After Skanderbeg died, Mehmed II personally led the siege of Shkodra in 1478-79, of which early Ottoman chronicler Aşıkpaşazade (1400-81) wrote, "All the conquests of Sultan Mehmed were fulfilled with the seizure of Shkodra." The Venetians and Shkodrans resisted the assaults and continued to hold the fortress until Venice ceded Shkodra to the Ottoman Empire in the Treaty of Constantinople as a condition of ending the war.

📹 Ottoman Wars — Skanderbeg and Albanian Rebellion (VİDEO)

📹 Ottoman Wars — Skanderbeg and Albanian Rebellion (LINK)

Previously within our animated historical documentary series on the Ottoman Wars, we have covered the battles of Kosovo (http://bit.ly/2JI3F0p), Nicopolis (http://bit.ly/2zUNRre), Ankara (http://bit.ly/2uW7r0D), Varna (http://bit.ly/2JIK2VG), Second Kosovo, Constantinople (http://bit.ly/2uELWlI), Belgrade, Targoviste and Otlukbeli (http://bit.ly/2JOBlcQ), Vaslui and Valea Alba (http://bit.ly/2C9Cm0l). However, we deliberately omitted the rebellion and resistance of the Albanian leader Gjergj Kastrioti - Skanderbeg, as his war against the Ottoman sultans Murad II and Mehmed II stretched for more than 25 years. In this new video, we describe the overall rebellion and the battles of Torvioll, Kruje, Albulena, and Ohrid.

 



 



 

Conquest of Genoese Crimea and alliance with Crimean Khanate (1475) (W)

Conquest of Genoese Crimea and alliance with Crimean Khanate (1475)

A number of Turkic peoples, collectively known as the Crimean Tatars, had been inhabiting the peninsula since the early Middle Ages. After the destruction of the Golden Horde by Timur earlier in the 15th century, the Crimean Tatars founded an independent Crimean Khanate under Hacı I Giray, a descendant of Genghis Khan.

The Crimean Tatars controlled the steppes that stretched from the Kuban to the Dniester River, but they were unable to take control over the commercial Genoese towns called Gazaria (Genoese colonies), which had been under Genoese control since 1357. After the conquest of Constantinople, Genoese communications were disrupted, and when the Crimean Tatars asked for help from the Ottomans, they responded with an invasion of the Genoese towns, led by Gedik Ahmed Pasha in 1475, bringing Kaffa and the other trading towns under their control. After the capture of the Genoese towns, the Ottoman Sultan held Meñli I Giray captive, later releasing him in return for accepting Ottoman suzerainty over the Crimean Khans and allowing them to rule as tributary princes of the Ottoman Empire. However, the Crimean Khans still had a large amount of autonomy from the Ottoman Empire, while the Ottomans directly controlled the southern coast.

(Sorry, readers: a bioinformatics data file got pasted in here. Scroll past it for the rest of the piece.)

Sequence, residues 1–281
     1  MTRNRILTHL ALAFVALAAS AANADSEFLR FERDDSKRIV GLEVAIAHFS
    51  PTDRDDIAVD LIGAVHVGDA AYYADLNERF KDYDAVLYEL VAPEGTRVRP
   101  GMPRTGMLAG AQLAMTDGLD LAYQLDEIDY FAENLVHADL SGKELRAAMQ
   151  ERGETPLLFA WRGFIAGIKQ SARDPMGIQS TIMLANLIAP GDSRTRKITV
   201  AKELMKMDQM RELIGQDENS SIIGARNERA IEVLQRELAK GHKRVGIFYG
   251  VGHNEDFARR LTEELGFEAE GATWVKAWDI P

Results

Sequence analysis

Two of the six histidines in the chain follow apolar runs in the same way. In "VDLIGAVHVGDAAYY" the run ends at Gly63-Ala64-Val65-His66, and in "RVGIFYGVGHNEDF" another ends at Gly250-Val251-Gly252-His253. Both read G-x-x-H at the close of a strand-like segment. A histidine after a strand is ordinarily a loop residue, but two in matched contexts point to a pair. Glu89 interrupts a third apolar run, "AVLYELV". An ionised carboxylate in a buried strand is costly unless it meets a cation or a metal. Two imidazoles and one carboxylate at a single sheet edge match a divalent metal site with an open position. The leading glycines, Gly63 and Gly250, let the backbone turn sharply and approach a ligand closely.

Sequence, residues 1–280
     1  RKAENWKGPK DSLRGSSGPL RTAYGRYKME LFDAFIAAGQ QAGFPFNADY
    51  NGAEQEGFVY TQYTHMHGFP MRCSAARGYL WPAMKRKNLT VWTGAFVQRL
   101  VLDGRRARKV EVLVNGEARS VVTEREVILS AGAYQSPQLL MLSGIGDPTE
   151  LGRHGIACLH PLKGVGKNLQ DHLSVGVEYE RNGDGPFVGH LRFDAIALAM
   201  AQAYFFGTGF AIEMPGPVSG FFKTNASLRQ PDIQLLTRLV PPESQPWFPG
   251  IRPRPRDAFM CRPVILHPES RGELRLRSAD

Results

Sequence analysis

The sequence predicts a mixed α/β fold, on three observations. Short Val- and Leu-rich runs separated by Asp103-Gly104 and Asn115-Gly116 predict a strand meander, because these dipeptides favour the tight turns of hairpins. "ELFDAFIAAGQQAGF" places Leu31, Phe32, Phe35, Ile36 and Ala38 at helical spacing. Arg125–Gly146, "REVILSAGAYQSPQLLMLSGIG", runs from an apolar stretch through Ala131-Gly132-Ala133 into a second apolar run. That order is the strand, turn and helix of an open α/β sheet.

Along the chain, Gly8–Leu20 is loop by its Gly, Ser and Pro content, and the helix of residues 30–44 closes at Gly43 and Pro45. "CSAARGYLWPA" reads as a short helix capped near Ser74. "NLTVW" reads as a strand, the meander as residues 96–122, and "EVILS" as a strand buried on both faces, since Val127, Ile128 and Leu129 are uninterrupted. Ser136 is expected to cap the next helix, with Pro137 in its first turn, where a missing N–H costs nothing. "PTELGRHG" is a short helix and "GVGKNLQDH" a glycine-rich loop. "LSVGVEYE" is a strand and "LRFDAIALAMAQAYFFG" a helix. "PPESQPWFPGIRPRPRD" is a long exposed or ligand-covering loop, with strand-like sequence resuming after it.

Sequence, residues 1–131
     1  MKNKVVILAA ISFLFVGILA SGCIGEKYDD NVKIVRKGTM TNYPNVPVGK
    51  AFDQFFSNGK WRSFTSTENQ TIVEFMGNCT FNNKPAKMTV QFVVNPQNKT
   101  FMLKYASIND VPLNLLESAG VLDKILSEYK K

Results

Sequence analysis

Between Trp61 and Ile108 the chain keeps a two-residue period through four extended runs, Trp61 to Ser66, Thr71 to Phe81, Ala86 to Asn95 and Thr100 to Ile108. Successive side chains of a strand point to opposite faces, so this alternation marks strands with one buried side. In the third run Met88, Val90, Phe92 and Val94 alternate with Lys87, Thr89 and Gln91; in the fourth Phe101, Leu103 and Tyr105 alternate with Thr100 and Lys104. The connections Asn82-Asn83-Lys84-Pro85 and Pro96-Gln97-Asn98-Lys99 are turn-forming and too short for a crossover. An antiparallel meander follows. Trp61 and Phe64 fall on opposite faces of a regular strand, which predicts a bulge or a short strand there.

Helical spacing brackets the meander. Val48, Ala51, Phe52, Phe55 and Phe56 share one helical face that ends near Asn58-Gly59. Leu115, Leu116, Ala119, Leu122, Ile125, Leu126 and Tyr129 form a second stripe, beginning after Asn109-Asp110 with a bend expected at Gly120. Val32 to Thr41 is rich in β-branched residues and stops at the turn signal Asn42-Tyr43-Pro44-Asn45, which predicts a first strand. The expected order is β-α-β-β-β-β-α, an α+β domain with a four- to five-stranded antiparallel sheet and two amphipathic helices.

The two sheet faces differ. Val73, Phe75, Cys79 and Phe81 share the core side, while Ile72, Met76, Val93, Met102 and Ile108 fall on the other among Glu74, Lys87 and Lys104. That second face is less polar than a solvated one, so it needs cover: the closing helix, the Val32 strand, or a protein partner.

Expedition to Italy (1480) (W)

Expedition to Italy (1480)

An Ottoman army under Gedik Ahmed Pasha invaded Italy in 1480, capturing Otranto. Because of lack of food, Gedik Ahmed Pasha returned with most of his troops to Albania, leaving a garrison of 800 infantry and 500 cavalry behind to defend Otranto in Italy. It was assumed he would return after the winter. Since it was only 28 years after the fall of Constantinople, there was some fear that Rome would suffer the same fate. Plans were made for the Pope and citizens of Rome to evacuate the city. Pope Sixtus IV repeated his 1481 call for a crusade. Several Italian city-states, Hungary, and France responded positively to the appeal. The Republic of Venice did not, however, as it had signed an expensive peace treaty with the Ottomans in 1479.

In 1481 king Ferdinand I of Naples raised an army to be led by his son Alphonso II of Naples. A contingent of troops was provided by king Matthias Corvinus of Hungary. The city was besieged starting 1 May 1481. After the death of Mehmed on 3 May, ensuing quarrels about his succession possibly prevented the Ottomans the sending reinforcements to Otranto. So the Turkish occupation of Otranto ended by negotiation with the Christian forces, permitting the Turks to withdraw to Albania, and Otranto was retaken by Papal forces in 1481.

 



 

Repopulation of Constantinople (1453-1478) (W)

Repopulation of Constantinople

After conquering Constantinople, when Mehmed II finally entered the city through what is now known as the Topkapi Gate, he immediately rode his horse to the Hagia Sophia, where he ordered the building to be protected. He ordered that an imam meet him there in order to chant the Muslim Creed: "I testify that there is no god but God. I testify that Muhammad is the messenger of Allah." The Orthodox cathedral was transformed into a Muslim mosque through a charitable trust, solidifying Islamic rule in Constantinople.

Mehmed’s main concern with Constantinople was with rebuilding the city’s defenses and repopulation. Building projects were commenced immediately after the conquest, which included the repair of the walls, construction of the citadel, and building a new palace. To encourage the return of the Greeks and the Genoese who had fled from Galata, the trading quarter of the city, he returned their houses and provided them with guarantees of safety. Mehmed issued orders across his empire that Muslims, Christians, and Jews should resettle in the City demanding that five thousand households needed to be transferred to Constantinople by September. From all over the Islamic empire, prisoners of war and deported people were sent to the city; these people were called "Sürgün" in Turkish (Greek: σουργούνιδες sourgounides; "immigrants").